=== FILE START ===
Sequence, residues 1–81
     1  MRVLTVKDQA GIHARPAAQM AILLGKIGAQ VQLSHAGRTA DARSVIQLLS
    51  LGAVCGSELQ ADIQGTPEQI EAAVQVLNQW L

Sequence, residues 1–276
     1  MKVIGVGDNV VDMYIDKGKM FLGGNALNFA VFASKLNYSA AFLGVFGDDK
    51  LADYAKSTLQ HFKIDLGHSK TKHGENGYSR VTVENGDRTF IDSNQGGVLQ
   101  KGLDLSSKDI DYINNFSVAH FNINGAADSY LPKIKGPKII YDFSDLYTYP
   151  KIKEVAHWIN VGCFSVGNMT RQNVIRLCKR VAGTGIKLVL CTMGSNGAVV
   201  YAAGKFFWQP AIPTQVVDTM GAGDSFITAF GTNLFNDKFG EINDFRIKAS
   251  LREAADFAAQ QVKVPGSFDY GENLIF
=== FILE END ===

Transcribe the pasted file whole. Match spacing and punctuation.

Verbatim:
Sequence, residues 1–81
     1  MRVLTVKDQA GIHARPAAQM AILLGKIGAQ VQLSHAGRTA DARSVIQLLS
    51  LGAVCGSELQ ADIQGTPEQI EAAVQVLNQW L

Sequence, residues 1–276
     1  MKVIGVGDNV VDMYIDKGKM FLGGNALNFA VFASKLNYSA AFLGVFGDDK
    51  LADYAKSTLQ HFKIDLGHSK TKHGENGYSR VTVENGDRTF IDSNQGGVLQ
   101  KGLDLSSKDI DYINNFSVAH FNINGAADSY LPKIKGPKII YDFSDLYTYP
   151  KIKEVAHWIN VGCFSVGNMT RQNVIRLCKR VAGTGIKLVL CTMGSNGAVV
   201  YAAGKFFWQP AIPTQVVDTM GAGDSFITAF GTNLFNDKFG EINDFRIKAS
   251  LREAADFAAQ QVKVPGSFDY GENLIF